Open thread for night owls: Gov't-paid research at later development stages would mean cheaper drugs
Dean Baker at Truthout writes—The Key to Cheap Drugs: Pay Research Costs Upfront:
Drugs are almost invariably cheap to manufacture. But, if a drug company has a monopoly on a drug that can save a person from cancer or some other deadly or debilitating disease, it will be able to charge a very high price for it. Patients or their families will pay hundreds of thousands of dollars, or more typically, get an insurance company or the government to pick up most of the bill. While there are instances where companies producing generic drugs can gain monopoly power and jack up their prices, this is a relatively small part of the story of high drug prices.
Drugs produced by the brand drug sector account for roughly 75 percent of drug costs, even though they are just 11 percent of sales. This means that generic drugs account for only one-quarter of drug spending despite being almost 90 percent of sales. Even these numbers understate the role of patent and related protections. Some generic drugs also benefit from government-imposed protections, such as a six-month period of exclusivity for the first generic to enter a market. [...]
The justification for patent monopolies is that it gives drug companies the incentive to research and develop new drugs. While the drug companies hugely exaggerate the cost of developing drugs, there is no doubt that it is expensive and they would not be able to recover their research costs if their newly developed drugs were sold in a free market without protection.
But, we don’t have to rely on patent monopolies to pay for drug research. We could, for example, pay for the research costs upfront. In fact, the government already does this to a substantial extent. It spends close to $40 billion a year financing biomedical research through the National Institutes of Health and other government agencies. There is bipartisan agreement that this is money that is very well spent.
However, as it stands, most of this funding is for basic research. It is essentially a gift to the pharmaceutical industry, which does the additional research needed to develop and test drugs and bring them through the Food and Drug Administration’s approval process.
There is no reason that federal funding has to be restricted to more basic research, rather than supporting the development and testing of new drugs. If the federal government were to pay for the later stages of drug development and testing, and bring drugs through the FDA approval process, then newly developed drugs could all be sold as generics. This could mean that the next big cancer drug might sell for a few hundred dollars a year rather than a few hundred thousand.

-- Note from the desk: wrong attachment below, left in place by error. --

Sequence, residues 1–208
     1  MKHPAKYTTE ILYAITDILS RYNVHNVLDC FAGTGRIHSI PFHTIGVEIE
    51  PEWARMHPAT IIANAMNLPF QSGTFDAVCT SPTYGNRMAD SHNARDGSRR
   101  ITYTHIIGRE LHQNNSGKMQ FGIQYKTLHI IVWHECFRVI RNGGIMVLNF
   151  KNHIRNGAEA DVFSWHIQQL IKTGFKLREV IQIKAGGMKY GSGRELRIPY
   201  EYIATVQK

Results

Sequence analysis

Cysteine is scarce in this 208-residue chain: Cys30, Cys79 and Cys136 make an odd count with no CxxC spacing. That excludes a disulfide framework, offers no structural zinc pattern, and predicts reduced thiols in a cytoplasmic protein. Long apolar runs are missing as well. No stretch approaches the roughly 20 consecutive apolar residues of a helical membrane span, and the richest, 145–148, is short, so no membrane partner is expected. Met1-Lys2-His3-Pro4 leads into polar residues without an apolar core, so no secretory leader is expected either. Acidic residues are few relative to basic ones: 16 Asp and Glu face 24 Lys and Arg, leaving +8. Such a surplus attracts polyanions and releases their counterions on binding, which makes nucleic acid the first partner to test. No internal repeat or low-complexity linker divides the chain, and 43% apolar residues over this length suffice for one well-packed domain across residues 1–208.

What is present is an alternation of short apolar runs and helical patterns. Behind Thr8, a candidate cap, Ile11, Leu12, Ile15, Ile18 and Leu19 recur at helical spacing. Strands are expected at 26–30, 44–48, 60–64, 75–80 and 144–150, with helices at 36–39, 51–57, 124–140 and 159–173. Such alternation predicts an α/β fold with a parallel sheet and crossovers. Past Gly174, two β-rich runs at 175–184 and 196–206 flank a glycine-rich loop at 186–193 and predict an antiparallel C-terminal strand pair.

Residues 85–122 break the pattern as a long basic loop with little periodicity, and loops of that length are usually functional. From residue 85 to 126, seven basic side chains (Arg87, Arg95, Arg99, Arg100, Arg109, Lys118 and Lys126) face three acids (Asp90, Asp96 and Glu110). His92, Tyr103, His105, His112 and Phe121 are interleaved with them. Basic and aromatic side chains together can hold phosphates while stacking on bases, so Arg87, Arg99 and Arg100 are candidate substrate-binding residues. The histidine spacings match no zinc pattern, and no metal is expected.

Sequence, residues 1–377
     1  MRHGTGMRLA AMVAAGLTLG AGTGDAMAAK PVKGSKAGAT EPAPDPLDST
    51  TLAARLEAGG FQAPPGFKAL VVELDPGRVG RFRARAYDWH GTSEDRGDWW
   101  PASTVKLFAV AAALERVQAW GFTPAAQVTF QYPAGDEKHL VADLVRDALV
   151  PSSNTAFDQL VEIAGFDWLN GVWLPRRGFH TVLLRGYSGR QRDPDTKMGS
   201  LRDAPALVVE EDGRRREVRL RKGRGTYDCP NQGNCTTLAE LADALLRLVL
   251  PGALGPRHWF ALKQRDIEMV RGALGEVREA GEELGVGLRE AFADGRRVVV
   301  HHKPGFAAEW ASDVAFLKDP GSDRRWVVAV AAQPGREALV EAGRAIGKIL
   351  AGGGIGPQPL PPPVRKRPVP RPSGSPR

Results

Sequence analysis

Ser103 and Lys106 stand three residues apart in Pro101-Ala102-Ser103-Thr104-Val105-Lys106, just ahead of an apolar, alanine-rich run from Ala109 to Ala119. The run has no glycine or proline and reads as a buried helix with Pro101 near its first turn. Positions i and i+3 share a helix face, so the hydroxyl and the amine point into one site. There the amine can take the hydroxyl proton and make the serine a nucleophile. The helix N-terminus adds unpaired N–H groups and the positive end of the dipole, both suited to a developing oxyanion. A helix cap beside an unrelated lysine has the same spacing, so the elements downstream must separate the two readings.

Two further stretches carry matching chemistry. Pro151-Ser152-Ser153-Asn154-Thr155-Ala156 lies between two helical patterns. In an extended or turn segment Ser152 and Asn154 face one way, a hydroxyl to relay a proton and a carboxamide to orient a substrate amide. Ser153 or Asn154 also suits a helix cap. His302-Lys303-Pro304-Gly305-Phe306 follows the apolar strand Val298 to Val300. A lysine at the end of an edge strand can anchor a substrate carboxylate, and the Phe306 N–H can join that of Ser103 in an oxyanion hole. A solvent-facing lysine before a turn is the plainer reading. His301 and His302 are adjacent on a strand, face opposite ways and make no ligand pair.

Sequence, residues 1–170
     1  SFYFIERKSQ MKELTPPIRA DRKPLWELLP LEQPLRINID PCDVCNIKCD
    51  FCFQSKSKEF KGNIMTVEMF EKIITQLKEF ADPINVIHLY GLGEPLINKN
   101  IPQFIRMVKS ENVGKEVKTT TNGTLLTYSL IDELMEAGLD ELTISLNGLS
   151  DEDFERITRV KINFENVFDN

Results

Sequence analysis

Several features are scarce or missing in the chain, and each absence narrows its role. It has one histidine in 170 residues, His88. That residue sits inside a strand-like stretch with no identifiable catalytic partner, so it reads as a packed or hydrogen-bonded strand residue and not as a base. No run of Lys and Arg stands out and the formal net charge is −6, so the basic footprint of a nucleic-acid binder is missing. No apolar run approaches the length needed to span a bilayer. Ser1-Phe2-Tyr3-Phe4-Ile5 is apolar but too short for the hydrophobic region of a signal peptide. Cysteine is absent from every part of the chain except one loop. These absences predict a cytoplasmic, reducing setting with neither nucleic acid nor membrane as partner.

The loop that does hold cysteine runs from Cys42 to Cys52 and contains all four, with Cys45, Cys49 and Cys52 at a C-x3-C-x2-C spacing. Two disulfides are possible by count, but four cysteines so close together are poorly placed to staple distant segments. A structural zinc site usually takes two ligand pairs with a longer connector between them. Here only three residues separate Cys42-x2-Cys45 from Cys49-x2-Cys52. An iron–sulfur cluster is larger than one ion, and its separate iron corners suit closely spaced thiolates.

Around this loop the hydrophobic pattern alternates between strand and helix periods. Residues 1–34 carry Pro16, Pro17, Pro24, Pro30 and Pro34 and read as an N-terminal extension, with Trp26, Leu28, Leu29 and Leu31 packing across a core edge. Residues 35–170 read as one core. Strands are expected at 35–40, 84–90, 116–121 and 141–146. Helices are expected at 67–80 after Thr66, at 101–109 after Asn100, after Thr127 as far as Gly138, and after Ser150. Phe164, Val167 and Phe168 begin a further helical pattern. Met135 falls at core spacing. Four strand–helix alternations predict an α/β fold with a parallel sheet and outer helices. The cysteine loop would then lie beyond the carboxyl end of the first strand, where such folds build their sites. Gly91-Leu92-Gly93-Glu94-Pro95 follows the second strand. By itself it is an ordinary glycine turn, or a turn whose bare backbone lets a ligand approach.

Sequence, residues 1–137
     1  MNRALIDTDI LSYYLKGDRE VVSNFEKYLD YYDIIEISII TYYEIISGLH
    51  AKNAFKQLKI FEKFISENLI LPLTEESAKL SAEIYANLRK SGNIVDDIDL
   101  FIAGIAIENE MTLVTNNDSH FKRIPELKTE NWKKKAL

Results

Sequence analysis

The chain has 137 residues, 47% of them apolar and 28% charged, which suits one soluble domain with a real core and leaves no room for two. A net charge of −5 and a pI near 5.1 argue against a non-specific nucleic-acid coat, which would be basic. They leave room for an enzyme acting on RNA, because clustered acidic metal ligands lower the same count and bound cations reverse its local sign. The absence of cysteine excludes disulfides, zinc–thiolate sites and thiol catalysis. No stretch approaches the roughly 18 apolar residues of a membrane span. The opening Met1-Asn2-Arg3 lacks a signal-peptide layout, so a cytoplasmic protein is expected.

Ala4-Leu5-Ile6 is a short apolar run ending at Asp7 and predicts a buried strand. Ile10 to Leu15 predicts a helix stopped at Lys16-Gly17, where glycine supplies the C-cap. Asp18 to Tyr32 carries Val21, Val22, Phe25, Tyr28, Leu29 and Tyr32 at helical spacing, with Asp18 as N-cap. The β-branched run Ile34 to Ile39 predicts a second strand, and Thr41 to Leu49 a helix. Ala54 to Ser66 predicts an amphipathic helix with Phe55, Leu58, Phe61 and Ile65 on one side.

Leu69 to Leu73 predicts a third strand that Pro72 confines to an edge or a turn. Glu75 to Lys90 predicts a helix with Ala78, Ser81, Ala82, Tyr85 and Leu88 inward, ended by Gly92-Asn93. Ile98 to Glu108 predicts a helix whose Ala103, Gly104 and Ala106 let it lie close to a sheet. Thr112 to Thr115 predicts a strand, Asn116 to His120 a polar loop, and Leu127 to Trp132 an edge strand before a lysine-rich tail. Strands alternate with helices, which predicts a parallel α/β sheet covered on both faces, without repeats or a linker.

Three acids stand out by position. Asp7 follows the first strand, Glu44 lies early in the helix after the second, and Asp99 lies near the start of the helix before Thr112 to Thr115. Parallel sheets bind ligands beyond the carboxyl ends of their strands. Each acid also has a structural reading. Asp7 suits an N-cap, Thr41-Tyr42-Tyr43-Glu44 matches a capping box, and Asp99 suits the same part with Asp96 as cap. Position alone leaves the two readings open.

On this date in 1939, 22,000 Nazis celebrated their fanaticism at Madison Square Garden. Night at the Garden is a chilling, award-winning, 7-minute film about that get-together. You can watch it and read about it here.
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xmember when the president wa snormal?i memberpic.twitter.com/sW9puze8g5— Oliver Willis (@owillis) February 20, 2019
BLAST FROM THE PAST
On this date at Daily Kos in 2007—Bloggers at Last Unite Tony Snow and WH Press Corps:
Tony Snow and «real journalists» finally agreed on something tonight at a roundtable held for very serious people at the National Press Club: Blogs suck. They’re mean. And ... and ... and ... they actually expect reporters to do their jobs!
We’ll skip Tony Snow. Who cares? But via Think Progress, a couple of journalists had some interesting things to say, kind of opening a door into the higher minds that are raised so far above the rest of us.
NBC News’ David Gregory bemoaned how political coverage has «become so polarized in this country...because it’s the internet and the blogs that have really used this White House press conferences to somehow support positions out in America, political views.»
Can you imagine that? The nerve! People actually use White House press conferences to form and support political views! And then they write about those views! Where anybody can read and see and respond and argue and fact-check them! And they haven’t been seen—not once!—at a cocktail party in DC. Next thing you know, they’ll start thinking regular old ordinary people have a right to opinions or something.
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